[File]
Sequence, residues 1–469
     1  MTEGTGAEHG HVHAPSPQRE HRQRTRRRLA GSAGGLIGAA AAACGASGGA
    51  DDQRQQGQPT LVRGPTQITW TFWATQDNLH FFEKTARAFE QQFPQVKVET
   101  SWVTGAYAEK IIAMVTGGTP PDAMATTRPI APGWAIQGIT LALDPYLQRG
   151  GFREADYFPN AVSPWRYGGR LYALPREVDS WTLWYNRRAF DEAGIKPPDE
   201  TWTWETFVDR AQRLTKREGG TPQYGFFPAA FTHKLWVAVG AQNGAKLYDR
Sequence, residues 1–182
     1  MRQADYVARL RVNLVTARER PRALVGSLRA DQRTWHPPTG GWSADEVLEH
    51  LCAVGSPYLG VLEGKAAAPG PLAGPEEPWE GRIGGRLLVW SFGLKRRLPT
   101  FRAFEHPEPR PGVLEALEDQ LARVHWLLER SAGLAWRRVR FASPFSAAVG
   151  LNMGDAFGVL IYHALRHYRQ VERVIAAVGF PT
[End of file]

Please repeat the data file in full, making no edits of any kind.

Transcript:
Sequence, residues 1–469
     1  MTEGTGAEHG HVHAPSPQRE HRQRTRRRLA GSAGGLIGAA AAACGASGGA
    51  DDQRQQGQPT LVRGPTQITW TFWATQDNLH FFEKTARAFE QQFPQVKVET
   101  SWVTGAYAEK IIAMVTGGTP PDAMATTRPI APGWAIQGIT LALDPYLQRG
   151  GFREADYFPN AVSPWRYGGR LYALPREVDS WTLWYNRRAF DEAGIKPPDE
   201  TWTWETFVDR AQRLTKREGG TPQYGFFPAA FTHKLWVAVG AQNGAKLYDR
Sequence, residues 1–182
     1  MRQADYVARL RVNLVTARER PRALVGSLRA DQRTWHPPTG GWSADEVLEH
    51  LCAVGSPYLG VLEGKAAAPG PLAGPEEPWE GRIGGRLLVW SFGLKRRLPT
   101  FRAFEHPEPR PGVLEALEDQ LARVHWLLER SAGLAWRRVR FASPFSAAVG
   151  LNMGDAFGVL IYHALRHYRQ VERVIAAVGF PT